I am glad, therefore, that the way from Wotton is now forbidden, but chiefly, as I told Longshanks, because I can now lie in my field under Wotton and look lazily across the valley below the church and be unassailed by the scream of brakes and the stench of motor oil. Also, there is a second way thence on to the height of Leith Hill which, praise God! tourists do not take, but which they might by mischance find if they still sought Friday Street from Wotton by the inn. Now, when I go up on to the high ground by that secret path, I shall still meet no one but woodcutters–who are honest men–and I shall still find solitude and that smell of unsoiled earth and trees.
This unknown way up from Wotton by the inn is cleverly concealed. It is a cart track at first, and were it not so far west I would take it to be a forgotten bit of Stane Street, for it is straight enough, and it has its "ghost-road" atmosphere, The climb, a mile from Wotton, begins to get steep. That and the fact that one must walk warily because–the woodcutters say–there are adders hereabouts, may scare away the merely curious.
And then the track ends: there is not even a rough path beyond. But that need not deter a proper man, for he will assuredly know that when there is any doubt as to which direction he should take, then he should get on to the highest ground possible and ascend thither, if he may, by a spur. And your spur is there if you have eyes to find it; almost it is like a bridge, so narrow and high above the surrounding country it is eventually.
If I were asked which are the three most beautiful places in England I should name this spur third (my first would be a hollow in the humped Sussex Downs, Washington way–but perhaps because I am a Sussex man–and my second a place of whin and heather on Dartmoor). In late Autumn; when the only sound to be heard on this spur is the plop of a falling leaf, a whisper of wind in the trees, or the plaintive song that a robin has somehow picked up in the Summer, it is not the place for anyone who fears to be alone. For here you are face to face with melancholy.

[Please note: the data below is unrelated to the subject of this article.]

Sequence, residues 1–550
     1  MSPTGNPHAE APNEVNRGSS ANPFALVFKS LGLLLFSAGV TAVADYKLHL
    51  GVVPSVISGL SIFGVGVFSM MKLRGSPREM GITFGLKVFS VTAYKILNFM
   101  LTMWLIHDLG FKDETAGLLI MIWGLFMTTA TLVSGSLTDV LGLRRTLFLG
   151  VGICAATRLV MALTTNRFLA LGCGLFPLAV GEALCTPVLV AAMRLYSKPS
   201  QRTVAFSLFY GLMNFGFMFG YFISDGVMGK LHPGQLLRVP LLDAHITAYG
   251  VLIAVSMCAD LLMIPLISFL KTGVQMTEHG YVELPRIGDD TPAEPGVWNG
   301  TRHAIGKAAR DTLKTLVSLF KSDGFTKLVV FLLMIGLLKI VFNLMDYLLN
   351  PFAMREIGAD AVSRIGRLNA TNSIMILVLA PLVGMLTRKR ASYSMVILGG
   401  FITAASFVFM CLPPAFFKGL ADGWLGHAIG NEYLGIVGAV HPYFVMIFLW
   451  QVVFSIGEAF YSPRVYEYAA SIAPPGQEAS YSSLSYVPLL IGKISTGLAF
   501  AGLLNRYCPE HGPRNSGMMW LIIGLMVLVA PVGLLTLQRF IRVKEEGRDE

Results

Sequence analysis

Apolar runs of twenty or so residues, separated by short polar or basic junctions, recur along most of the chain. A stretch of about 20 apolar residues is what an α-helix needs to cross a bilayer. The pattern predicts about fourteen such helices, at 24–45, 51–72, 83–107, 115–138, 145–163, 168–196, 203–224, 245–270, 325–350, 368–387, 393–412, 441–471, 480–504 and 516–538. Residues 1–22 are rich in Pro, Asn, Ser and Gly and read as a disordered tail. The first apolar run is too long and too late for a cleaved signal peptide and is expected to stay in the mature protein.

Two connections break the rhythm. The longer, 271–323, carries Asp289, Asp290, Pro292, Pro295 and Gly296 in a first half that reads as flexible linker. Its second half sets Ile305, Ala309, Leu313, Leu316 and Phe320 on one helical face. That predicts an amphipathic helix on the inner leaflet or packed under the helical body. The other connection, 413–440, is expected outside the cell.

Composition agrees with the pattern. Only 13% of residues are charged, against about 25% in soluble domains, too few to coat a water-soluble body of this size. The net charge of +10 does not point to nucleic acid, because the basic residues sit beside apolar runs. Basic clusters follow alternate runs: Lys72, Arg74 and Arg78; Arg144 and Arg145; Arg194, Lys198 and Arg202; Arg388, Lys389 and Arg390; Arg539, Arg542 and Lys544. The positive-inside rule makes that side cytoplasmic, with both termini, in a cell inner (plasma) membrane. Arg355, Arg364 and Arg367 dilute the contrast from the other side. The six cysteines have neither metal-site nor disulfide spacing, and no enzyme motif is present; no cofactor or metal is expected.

The last time but one that I went on to the height by way of this spur I knew why it is that I suffer such agony during the two minutes' silence in London on Armistice Day. For the complete cessation of noise puts one on the fringe of another world: one is on the edge of eternity and to be able to contemplate that mystery and be at peace needs a preparation that the uncloistered cannot perform.
* * * *
"But the last time I was there in that silent place," I told Longshanks, "the wind was little west of north, and it carried to me the scream of what must have been the father and the mother of all motor-horns. And then I knew that I was really alive and that not far off were my jolly fellow beings bent upon getting somewhere as swiftly, as dangerously, and as noisily as possible. Man is a queer animal.”
But Longshanks was not listening. He was sniffing the air, and presently he uttered a hoarse croak of triumph. I heard the homely quacking of ducks and the ugly hoot of a motorhorn above us on the height. The path was more defined. Wood smoke stung our noses.
And now the imminence of satisfying our honest needs increased our impatience. Almost we ran, though the hill was steep. And panting we came to the inn. . . .
It is vulgar to talk of inns and ale and drinking, and this, of course, is a vulgar episode I write of~ but of all joys under heaven ,there is none so wonderful as that of finding a pleasant place after much tribulation of heat and weariness; and there is no nectar like our native wine when dust has made a lime-kiln of one's mouth.
This inn was everything that an inn should be, but I shall not give its name, because the bar parlour is small, and the way to it from the north is the only true way, to traverse which is for stern adventurers. Besides, you might prefer tea or water, which you can get anywhere.